By Don Smith
When you're elected state official and a candidate for governor, a normal day often means travel and double duty.
Friday afternoon, State Treasurer John Perdue was in Hampshire County returning unclaimed property funds to the county's 911 center. Friday evening, candidate Perdue was attending a campaign fundraiser in Martinsburg at the home of Dr. Bill Queen. In between, he stopped at The Journal office to discuss both jobs.
"I'm here in the Eastern Panhandle for two reasons. I came over to the Hampshire County area of the Eastern Panhandle to pass out some unclaimed property checks for the 911 center of more than $130,000. ... That helps upgrade with some equipment they need," Perdue said. "For the rest of the time, I'll be campaigning for governor here in the Eastern Panhandle."
While in Hampshire County as state treasurer, Perdue said he also promoted the college plan he developed to encourage West Virginians to save for their children's college education.
"Wherever I go, I like to promote my college savings program, the 529 plan, which is now over a $1.5 billion program in the state," he said. "I'm very proud of that plan. More than 27,000 West Virginia families are invested in that plan."
Admitting that he can "get on a roll" about his campaign, Perdue said he enjoys talking about his plans for the state and explaining why West Virginians should vote for him.
Perdue will be at Maria's Garden and Inn in Berkeley Springs today from noon until 2 p.m. for a town hall meeting to give local residents a change to ask questions about his campaign and his experience.
"It's a very interesting election. We're at a crossroads in this state. ... I really believe that the next governor must have a long-term plan for West Virginia," Perdue said. "We are sitting on another gold mine, the Marcelleus Shale. I come from the last gold mine. That was called black gold: coal. I believe it's critical that we put a plan together on how we manage our natural gas in this state."
Perdue said he's in favor of slowing down the permitting process and making sure our property rights and other natural resources are protected.
If elected governor, Perdue said he won't allow the gas drilling companies to threaten West Virginia with talk of lost revenue if the state regulates the industry or delays well development.
"This isn't going away. This is an investment we are sitting on here. ...," Perdue said. "Yes, the companies are telling us that if you do this, or you do that, we're going to leave the state. Well, I heard that same thing when I was growing up in the coal fields. The coal companies stayed here, they keep coming, they keep making billions of dollars, and the gas companies want to do the same thing with our natural gas," Perdue said. "We must protect our people, our infrastructure and our natural resources ... especially water. We have to stand our ground and get tough. I'm the person in this race with strong leadership ability and experience to do that."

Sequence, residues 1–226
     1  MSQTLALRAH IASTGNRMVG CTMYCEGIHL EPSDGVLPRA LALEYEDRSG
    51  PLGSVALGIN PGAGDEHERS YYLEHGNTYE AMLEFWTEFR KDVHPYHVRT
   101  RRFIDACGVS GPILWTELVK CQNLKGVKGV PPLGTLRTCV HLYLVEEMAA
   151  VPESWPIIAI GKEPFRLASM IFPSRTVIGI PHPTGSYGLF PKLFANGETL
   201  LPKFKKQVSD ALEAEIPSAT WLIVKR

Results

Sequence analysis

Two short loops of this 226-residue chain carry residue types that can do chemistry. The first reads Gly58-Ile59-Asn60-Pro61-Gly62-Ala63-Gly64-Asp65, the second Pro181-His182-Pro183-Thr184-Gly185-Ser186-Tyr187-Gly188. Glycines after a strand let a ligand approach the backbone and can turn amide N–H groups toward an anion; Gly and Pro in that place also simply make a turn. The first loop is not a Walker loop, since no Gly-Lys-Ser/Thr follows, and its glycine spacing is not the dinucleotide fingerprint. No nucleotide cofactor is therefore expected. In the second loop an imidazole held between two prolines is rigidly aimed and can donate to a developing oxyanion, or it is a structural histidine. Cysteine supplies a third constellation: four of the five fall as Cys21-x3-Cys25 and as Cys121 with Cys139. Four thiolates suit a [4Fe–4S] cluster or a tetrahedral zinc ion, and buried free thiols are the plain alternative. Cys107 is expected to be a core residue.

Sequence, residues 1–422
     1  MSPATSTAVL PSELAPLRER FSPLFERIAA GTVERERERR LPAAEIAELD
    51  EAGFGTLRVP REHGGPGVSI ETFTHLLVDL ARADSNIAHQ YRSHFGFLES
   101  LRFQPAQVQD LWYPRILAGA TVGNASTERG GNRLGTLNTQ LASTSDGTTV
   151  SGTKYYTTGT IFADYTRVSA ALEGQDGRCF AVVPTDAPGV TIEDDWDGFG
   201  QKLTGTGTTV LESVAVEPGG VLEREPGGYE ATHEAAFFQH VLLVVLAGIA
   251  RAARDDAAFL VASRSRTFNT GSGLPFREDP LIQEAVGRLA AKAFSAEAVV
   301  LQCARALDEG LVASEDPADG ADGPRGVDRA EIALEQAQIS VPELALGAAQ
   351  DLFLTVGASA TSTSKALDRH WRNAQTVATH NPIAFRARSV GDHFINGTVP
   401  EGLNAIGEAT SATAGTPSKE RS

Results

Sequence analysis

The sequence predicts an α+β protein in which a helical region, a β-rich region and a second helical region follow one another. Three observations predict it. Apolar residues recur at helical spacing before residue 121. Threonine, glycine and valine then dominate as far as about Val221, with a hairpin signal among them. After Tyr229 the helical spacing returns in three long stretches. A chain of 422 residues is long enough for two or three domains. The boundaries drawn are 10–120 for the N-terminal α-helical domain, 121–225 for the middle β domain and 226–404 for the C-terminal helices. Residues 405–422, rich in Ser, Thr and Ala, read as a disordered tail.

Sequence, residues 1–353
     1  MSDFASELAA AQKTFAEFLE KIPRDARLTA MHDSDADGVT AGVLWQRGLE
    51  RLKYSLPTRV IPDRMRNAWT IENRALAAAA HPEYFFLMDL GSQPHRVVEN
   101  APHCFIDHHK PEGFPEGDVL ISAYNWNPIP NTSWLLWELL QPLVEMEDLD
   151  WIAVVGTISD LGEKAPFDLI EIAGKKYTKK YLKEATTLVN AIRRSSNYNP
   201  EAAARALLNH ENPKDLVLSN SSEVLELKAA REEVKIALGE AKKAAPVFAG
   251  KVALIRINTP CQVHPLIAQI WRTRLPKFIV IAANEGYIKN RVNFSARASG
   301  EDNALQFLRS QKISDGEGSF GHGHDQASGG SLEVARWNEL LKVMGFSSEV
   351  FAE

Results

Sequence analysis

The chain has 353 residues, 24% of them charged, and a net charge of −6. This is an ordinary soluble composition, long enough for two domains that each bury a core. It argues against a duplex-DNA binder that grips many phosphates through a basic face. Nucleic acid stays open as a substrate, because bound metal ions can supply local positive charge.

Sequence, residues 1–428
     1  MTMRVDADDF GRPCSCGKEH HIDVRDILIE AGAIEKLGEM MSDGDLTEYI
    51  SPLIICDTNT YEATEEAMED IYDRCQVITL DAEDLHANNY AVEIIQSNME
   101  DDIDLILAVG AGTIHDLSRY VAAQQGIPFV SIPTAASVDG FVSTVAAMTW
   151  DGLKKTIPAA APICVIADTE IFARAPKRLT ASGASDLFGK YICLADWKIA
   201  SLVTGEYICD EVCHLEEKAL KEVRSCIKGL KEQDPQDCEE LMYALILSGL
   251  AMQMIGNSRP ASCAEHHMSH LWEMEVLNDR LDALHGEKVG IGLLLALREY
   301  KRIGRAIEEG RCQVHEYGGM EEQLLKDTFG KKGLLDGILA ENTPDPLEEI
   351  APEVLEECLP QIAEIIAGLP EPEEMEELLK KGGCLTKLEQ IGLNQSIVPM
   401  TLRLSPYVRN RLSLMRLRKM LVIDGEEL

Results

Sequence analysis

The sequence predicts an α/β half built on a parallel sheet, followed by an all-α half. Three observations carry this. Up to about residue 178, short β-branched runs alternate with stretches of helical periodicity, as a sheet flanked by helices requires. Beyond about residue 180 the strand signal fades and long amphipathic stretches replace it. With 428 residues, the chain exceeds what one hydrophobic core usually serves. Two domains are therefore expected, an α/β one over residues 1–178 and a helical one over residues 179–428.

Perdue has plans for the projected revenue from Marcelleus Shale. He would use it to help replace lost federal dollars for roads, bridges and other infrastructure projects and to help pay down the OPEB debt.
He also would give part of the state revenue from the Marcelleus Shale directly to state taxpayers either through a tax break or a dividend check similar to what is done in Alaska.
Perdue stresses his experience, with 35 years of serving the people of West Virginia. He was elected treasurer in 1996 after serving eight years as a senior aide to Gov. Gaston Caperton. Under his leadership, Perdue said the state treasurer's office established the highly successful SMART529 College Savings Program, became a national leader by returning more than $100 million in unclaimed property and returned financial integrity back to the treasurer's office, which he said was a national laughing stock when he took office. Under his leadership, Perdue said the state achieved an AA1 bond rating.
Perdue said the state Treasurer's office has reduced the number of printed checks the state issues from 5 million annually to just 1 million a year, by promoting direct deposit and online bill paying.
"That's a tremendous savings," he said, explaining that a check routinely costs taxpayers an additional $35 from printing through processing to storage for records.
In terms of the Eastern Panhandle, Perdue said he would open a regional governor's office in the area. He would establish online video conferences between the Eastern Panhandle and Charleston to make it easier for residents to give testimony and make contact.
Perdue invites interested voters to visit his website - www.johnperdue.com - to see his ideas on education, Internet development, banking, utilities and other items.